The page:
After a typhoid epidemic swept through Dachau, Edgar and the other workers were ordered to sleep at the factory to limit their exposure to the sick and dying back at the main camp. This new living arrangement afforded Edgar the opportunity to sneak back into his tiny closetlike office and write while his fellow inmates slept. To avoid detection by the guards, Edgar sealed the cracks around the door so that no light would escape. He would write until 2 or 3 in the morning, exhausted, in constant fear of discovery, near collapse in the airless room.
“I often believed that I couldn’t go on,” Edgar confessed once. “It was agony, a double one, mental as well as physical.” There were times, in fact, that he thought of destroying his diary, so that he could finally stop worrying about it, stop giving up his precious sleep for it.
By October 1944, the diary had become so large that it was no longer easy to hide — and such a valuable testament that Edgar was anxious for its safety. One of his co-workers, a man named Otto Höfer, whom Edgar described as “a thousand percent safe,” offered to dig a hole in the concrete floor in another part of the factory, where the diary could be buried for posterity. To help preserve it from damp and decay, Edgar wrapped the manuscript in layers of oil paper, followed by aluminum foil and fabric. Otto lowered the bundle into the floor and sealed the hole with fresh concrete, in a spot where it was hidden under a rack of hundredweight iron bars. “The manuscripts,” Edgar wrote after liberation, “were hidden in the womb of the earth.”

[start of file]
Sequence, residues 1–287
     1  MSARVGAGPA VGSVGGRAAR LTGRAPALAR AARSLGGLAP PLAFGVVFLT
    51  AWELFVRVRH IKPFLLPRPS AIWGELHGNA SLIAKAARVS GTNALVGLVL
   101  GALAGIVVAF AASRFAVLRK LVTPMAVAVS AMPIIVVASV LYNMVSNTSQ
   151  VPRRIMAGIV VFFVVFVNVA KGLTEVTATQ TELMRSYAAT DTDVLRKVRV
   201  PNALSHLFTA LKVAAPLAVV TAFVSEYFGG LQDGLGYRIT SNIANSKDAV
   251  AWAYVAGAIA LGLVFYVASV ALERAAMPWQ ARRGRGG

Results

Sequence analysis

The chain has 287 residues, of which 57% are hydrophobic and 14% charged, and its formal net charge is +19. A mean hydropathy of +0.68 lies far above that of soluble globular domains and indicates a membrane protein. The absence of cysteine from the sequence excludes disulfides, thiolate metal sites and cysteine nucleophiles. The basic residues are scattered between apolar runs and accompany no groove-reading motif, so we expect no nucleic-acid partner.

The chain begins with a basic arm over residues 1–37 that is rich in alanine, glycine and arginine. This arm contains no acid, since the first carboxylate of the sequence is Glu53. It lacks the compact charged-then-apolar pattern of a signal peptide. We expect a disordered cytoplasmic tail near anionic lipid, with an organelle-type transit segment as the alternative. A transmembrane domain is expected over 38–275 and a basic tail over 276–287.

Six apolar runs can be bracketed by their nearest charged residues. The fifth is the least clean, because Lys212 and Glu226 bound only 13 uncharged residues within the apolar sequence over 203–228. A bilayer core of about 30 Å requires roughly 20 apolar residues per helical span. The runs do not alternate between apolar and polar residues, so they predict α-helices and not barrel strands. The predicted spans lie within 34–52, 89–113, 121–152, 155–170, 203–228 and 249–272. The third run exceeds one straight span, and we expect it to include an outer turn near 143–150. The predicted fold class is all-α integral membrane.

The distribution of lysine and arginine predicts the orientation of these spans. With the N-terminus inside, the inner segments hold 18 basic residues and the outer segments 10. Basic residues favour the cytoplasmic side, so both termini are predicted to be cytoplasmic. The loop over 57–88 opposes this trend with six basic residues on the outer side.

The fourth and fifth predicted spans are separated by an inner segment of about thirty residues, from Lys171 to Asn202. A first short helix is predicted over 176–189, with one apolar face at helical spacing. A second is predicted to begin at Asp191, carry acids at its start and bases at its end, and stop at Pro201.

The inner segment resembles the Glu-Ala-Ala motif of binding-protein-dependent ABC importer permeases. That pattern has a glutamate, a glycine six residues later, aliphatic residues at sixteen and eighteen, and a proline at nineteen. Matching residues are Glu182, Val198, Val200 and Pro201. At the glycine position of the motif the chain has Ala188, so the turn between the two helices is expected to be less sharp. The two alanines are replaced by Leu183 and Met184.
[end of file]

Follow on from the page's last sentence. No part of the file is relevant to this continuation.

American troops liberated the prisoners of Dachau on April 29, 1945. A week later, in the presence of an American officer, Edgar helped dig out his manuscript. His heart beat in anticipation as he uncovered the parcel. What shape would the diary be in after all that time? “Thousands of our comrades were dead who were alive when we buried it,” Edgar wrote. Had the elements destroyed the memorial he had worked so hard to create?
“The fabric cover fell off,” he observed, “the oil paper had decomposed, and the foil too. The manuscripts themselves had become heavy wet bales of paper.” For the next month, Edgar used several rooms in the camp, guarded by the Americans, to dry out the hundreds of wet pages. “It required a lot of art and patience,” Edgar wrote, “because the paper was half-decayed and threatened to turn to dust.”
Finally the results were clear: “Almost everything is saved,” he rejoiced. More than a record of his time at Dachau, Edgar’s diary was ready to be used to convict those who had persecuted him and had beaten, starved, tortured and killed his fellow prisoners.
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